Most folks are bargain hunters, but women face some definite obstacles in getting the best price on many common consumer goods.
For years, studies have consistently shown that women pay more than men for items like shampoo, deodorant, razors and shaving gel. The only thing that's changed is just how much more we pay, as inflation ups the prices every year.
NBC correspondent Jeff Rossen's May 28 report for the Today Show details the price differentials between men's and women's personal hygiene products.
This so-called pink tax now stands at around $1,400 a year more that female shoppers pay for personal hygiene products than do their male shopping counterparts for essentially identical items. At least one estimate puts this total as high as $100,000 over the course of a lifetime.
The added money that women pay for grooming products on store shelves obviously is not a true tax.
Ohio targets tampon tax: However, a group of Ohio lawmakers is looking to reduce the literal tax costs of being a woman in their state.
State Reps. Greta Johnson and Rep. Emilia Sykes, both Democrats who represent Akron, have introduced H.B. 272, which would provide a tax exemption for feminine hygiene products.
Specifically, the Buckeye State lawmakers want the purchase of tampons, panty liners, menstrual cups, and other products "the principal purpose of which is feminine hygiene in connection with the menstrual cycle," to be free from state and local sales taxes.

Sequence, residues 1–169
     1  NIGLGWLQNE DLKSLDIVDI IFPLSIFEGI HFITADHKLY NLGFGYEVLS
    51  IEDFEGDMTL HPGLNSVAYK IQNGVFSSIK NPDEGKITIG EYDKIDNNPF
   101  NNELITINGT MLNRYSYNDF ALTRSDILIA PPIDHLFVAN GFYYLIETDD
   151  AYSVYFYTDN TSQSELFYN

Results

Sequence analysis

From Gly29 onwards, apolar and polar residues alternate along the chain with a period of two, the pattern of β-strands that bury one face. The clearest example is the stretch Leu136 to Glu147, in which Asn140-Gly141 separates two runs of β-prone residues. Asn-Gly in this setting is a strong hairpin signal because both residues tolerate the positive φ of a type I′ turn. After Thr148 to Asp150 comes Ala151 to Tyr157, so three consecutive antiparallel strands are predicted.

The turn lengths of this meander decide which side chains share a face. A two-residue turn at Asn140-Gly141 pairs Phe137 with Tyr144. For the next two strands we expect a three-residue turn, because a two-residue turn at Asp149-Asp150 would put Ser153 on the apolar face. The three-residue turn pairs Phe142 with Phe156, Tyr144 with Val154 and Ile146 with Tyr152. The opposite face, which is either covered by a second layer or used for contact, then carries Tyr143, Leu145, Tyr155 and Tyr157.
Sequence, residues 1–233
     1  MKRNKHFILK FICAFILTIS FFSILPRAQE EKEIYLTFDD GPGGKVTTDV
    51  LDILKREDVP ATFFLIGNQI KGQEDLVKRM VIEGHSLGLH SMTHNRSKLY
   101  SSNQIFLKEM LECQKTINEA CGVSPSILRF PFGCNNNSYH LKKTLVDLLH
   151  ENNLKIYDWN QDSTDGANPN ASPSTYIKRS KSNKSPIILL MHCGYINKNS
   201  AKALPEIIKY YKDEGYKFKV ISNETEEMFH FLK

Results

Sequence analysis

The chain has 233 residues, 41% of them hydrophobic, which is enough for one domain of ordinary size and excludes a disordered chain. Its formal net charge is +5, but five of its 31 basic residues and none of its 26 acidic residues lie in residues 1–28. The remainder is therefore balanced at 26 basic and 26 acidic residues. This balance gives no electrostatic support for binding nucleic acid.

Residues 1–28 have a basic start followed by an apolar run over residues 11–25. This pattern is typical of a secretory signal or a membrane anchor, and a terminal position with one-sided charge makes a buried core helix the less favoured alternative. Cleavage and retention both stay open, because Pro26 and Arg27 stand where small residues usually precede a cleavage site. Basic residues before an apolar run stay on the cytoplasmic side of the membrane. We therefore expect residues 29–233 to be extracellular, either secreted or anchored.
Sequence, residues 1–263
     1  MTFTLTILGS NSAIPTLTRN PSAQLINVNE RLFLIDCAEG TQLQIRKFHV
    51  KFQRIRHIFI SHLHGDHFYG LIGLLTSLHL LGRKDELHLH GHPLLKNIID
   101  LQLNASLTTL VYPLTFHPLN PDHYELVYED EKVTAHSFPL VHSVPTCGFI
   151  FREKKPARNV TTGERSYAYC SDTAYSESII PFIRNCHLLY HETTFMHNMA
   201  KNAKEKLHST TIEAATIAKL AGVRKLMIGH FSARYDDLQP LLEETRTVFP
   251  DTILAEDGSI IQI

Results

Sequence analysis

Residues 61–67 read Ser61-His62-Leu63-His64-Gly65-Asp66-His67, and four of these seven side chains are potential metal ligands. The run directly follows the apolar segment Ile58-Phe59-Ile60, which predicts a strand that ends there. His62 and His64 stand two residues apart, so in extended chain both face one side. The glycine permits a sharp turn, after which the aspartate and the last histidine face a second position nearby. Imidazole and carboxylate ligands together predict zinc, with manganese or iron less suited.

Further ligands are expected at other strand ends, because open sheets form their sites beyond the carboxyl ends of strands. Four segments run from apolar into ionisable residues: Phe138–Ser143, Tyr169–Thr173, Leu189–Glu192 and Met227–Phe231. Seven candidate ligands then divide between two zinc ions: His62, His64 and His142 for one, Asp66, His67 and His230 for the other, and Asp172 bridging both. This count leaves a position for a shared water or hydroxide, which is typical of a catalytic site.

In a press conference announcing the legislation, Johnson said that by taxing those products, the state exacerbates the wage gap -- women overall make around 77 cents compared to $1 men get for the same jobs -- and imposes unnecessary burdens on women.
Economic as well as health reasons: Rep. Kevin Boyce is among the 16 Ohio House colleagues of Johnson and Sykes who have cosponsored the measure.
Boyce, a Democrat from Columbus, cited the economic grounds as part of his reason, noting that any tax break would benefit the single mothers in his district who already have enough problems trying to make ends meet.
As for those who might shy away from the bill for reasons other than its tax purpose, Johnson noted that the biological reality that the products address is "just a fact. We need to stop pretending that this is a shameful issue."
Despite Johnson's admonition that her colleagues deal with the issue as adults, I suspect that if this bill progresses, it will do so with as little debate as possible.
Oz tax also targeted: Meanwhile, Johnson, Sykes and the other Ohio lawmakers advocating for tax-free feminine hygiene products have some company in Australia.
A petition there prompted Australian Treasurer Joe Hockey to announce his support for efforts to exempt feminine sanitary products from Oz's goods and services tax (GST).
The petition, which had almost 100,000 signatures when presented to Hockey, was prompted by the gender tax disparity on various products.
Feminine hygiene products have faced the 10 percent Australian GST since 2000.
Meanwhile, other over-the-counter items that Australia deems essential health products are tax-free. That no-tax list includes condoms, lubricants and sunscreen.
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